Dig Deep Archive

‘Reviving’ Regional Ag Federations

The OFA helps federations to connect with local communities.

By Emily Croft

The OFA created the Revive Fund in 2020 to support projects created by regional federations to improve their rural communities.

“The Revive Fund started as a COVID project for us,” says Drew Spoelstra, vice-president of OFA.

“We had some significant savings because we couldn’t have meetings or events or gather as a board in person.”

The fund was created using the saved money as a way for the OFA to continue to give back to their membership.

Does Your Soil Act Like A Sponge?

Increase Your Soil’s Water-Holding Capacity

For Long-Term Benefits

By Paul Hermans

Going forward as an industry the biggest limiting factor to higher yields will be water availability.

If you live anywhere in Eastern Canada, you may be saying this was not the case during the 2023 growing season. Across most areas for the growing season in Eastern Canada, we received 115 to 150 per cent more rain than average, according to Environment Canada.

Farmers Under Pressure to Mitigate Interest Rate Impacts

No Rate Cuts Imminent

By Richard Kamchen

Farmers could use relief from high interest rates, but aren’t likely to get any soon, leaving them to mitigate the challenges themselves.

In a capital-intensive sector like farming, higher interest rates increase borrowing and production costs, and can influence buying decisions for machinery and equipment, inputs, and land.

‘How Do You Sell What You Can’t Get Processed?’

Abattoirs Look For Ways to Meet Demand & Expand The Industry

By Colleen Halpenny & Emily Croft

Ontario has 114 provincially licensed abattoirs that specialize in the slaughter of food animals and play a key role in the value chain of livestock production.

This number, according to Franco Naccarato, executive director of Meat & Poultry Ontario, is just keeping up with the demand from producers.

“From 1999 to 2020, our sector lost 54 per cent of the abattoirs which previously were able to process and provide for that local demand.

Ray Robertson: Canadian Agricultural Hall of Famer

By Emily Croft

Ray Robertson’s passion for growing his local community in Grey County has led to a long career with international impacts.

His leadership and commitment to agriculture has been recognized, as Ray was inducted into the Ontario Agricultural Hall of Fame in June, and will be celebrated at the national level at the Canadian Agricultural Hall of Fame induction ceremony on Nov. 4 in Charlottetown, P.E.I.

Strip-Tillage: Save Your Soil & Labour Costs

‘The Advantages of Both No-Till & Conventional Tillage.’

By Emily Croft

With concerns for soil health, many producers look for alternatives to conventional tillage. Strip tillage offers Ontario crop growers an interesting option that sits in-between conventional and no-till systems.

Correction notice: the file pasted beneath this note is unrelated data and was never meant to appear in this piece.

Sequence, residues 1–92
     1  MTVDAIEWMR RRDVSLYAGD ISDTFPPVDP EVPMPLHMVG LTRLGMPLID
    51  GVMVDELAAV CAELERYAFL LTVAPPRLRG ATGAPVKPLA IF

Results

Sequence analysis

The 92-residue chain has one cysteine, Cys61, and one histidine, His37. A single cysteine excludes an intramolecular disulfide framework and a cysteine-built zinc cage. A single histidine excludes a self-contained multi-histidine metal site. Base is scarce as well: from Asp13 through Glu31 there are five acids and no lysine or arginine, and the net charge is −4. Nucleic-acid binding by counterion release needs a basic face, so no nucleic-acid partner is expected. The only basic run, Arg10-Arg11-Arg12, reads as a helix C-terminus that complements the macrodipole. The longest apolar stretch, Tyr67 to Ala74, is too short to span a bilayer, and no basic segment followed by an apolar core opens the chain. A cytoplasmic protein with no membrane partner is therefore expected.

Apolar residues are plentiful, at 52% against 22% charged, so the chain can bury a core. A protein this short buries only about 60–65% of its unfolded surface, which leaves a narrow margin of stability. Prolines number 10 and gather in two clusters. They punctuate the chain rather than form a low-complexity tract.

‘Why are we burying residue deeper than we plant?’

Choosing the Best Management System for Your Operation

By Colleen Halpenny

Historically, fall harvest was never truly considered complete until the moldboard plow had passed through the fields.

These days, best management practices to minimize erosion, retain soil moisture, and ensure maximum organic matter is returned to the soil have created a positive shift toward minimum and no-till applications. However, some producers are still skeptical about leaving lots of residue on the field.

Smoke, Sun & Crop Effects

Overcoming Stresses with Proper Management

By Paul Hermans

If you were to ask my wife, she would tell you that I am addicted to the weather. Every day I will look at my weather app at least five to 10 times, especially during the hot hazy days of summer, checking to see who got rain, how much, and when we might get a nice shower to boost our crops.

Is it still possible to start a farm?

‘Don’t let anyone tell you that you can’t do it.’

By Emily Croft

Starting a business in any industry is a challenging endeavour. In agriculture, entry costs, land competition, and time constraints can make it difficult for newcomers to build their own farm from the ground up.

How are new producers managing the challenges of starting their farm businesses and what are they doing to stay competitive?

Farm Transition Increasingly Complex

Why increased farm asset values are playing a role in transition talks.

By Colleen Halpenny

More farm wealth than ever before is passing from one generation to the next. Over the last decade, skyrocketing land values, heightened equipment values, and quota holdings have increased in capital value, leading to more complex transition discussions.

According to Statistics Canada, the value of equity in Canada’s farm sector totalled $627.6 billion as of Dec. 31, 2021, up 10 per cent from a year earlier. This is the largest percentage increase in farm equity since 2013.